It seems a timeless fact that it is easier to immerse yourself in anything that doesn't require a moral response. There are certain events we cannot bear witness to without holding an intellectual stake in - facts you can't stay on the fence about or simply change a channel on. There is much going on in the world that is easier to avoid for now, but, sooner or later, we'll all have to face.

Wednesday, April 18, 2007

Hobby Shop Artist

There's something kinda beautiful about this video.

Oil And Water

America's dependence on foreign oil creates an entire range of problems for us, but another substance is looming as troublesome for the future. This piece from Live Science.

A Killer Mind

These short plays by Virginia Tech gunman Cho Seung Hui from a playwriting class reveal some obvious problems he was having.

Tuesday, April 17, 2007

In-Flight Honesty

This note passed to a pilot by an 8-year old girl.

Thursday, April 12, 2007

France's Problem With The U.S.

This interesting piece from the BBC about a study that correspondent Justin Webb did about anti-Americanism around the world. According to this article, the French had a problem with the New World before The United States even existed. Call it "prenatal hatred."

Wednesday, April 11, 2007

Mumbai Photographer

Here's a site of photographs taken by Azhar Chougle, a 16 year old from Mumbai, India.

Tuesday, April 10, 2007

Practical Stuff

This site's description on the sidebar at right includes the term "practical stuff". This falls under that category.


UK website of photographs taken at abandoned wartime airfields: Fields of Valour

Lots For Sale

Talk about urban sprawl. Have a look at this.

Friday, April 6, 2007

Scooter And The Fisherman

Two candidates on President Bush's pardon list. Interesting piece from Reason Magazine on who's in the running to go free. Article here.

Thursday, April 5, 2007

More TGV

The happy French watch their wickedly fast train. Great video.

Wednesday, April 4, 2007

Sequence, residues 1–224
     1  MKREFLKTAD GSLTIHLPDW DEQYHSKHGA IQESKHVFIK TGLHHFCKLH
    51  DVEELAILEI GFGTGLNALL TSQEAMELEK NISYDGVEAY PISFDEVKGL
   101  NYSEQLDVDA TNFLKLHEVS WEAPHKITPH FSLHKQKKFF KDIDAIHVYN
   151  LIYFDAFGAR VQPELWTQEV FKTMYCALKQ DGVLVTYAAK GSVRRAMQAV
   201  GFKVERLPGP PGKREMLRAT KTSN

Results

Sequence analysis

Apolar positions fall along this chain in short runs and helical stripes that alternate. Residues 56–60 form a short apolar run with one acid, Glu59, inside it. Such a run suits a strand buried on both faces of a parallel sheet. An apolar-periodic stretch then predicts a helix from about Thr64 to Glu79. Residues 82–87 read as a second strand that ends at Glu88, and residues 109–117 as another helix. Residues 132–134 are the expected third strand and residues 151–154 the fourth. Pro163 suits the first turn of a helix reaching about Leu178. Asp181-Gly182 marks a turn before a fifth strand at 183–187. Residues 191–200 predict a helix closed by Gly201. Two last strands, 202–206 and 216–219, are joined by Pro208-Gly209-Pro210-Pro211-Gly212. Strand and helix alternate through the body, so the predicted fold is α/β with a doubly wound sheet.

Here is excellent NASA website of images from the agency's history.

No Easy Way To The Manger

From the Harper's Index:

Minimum number of checkpoints Mary and Joseph would face today on their journey from Nazareth to Bethlehem: 10


Keith says didn't snort Daddy.

Tuesday, April 3, 2007


Keth Richards snorted his Dad. Would've smoked Elvis if he had the chance.

The War Inside Our Heads


"If you often feel as though two parts of your brain are fighting it out, that's because, in fact, they are."

Full piece here.


A new incarnation of the French high speed train breaks record and moves faster than a WWII Spitfire. BBC story here.


"Moral certainty is always a sign of cultural inferiority. The more uncivilized the man, the surer he is that he knows precisely what is right and what is wrong. All human progress, even in morals, has been the work of men who have doubted the current moral values, not of men who have whooped them up and tried to enforce them. The truly civilized man is always skeptical and tolerant, in this field as in all others. His culture is based on 'I am not too sure.'" - H.L.Mencken

Monday, April 2, 2007

Clown News

As if it isn't tough enough being a New York Knicks fan this year, this poor Good Samaritan will have to endure one of their games as a reward for returning a clown's mini-bike.
Read the full story here.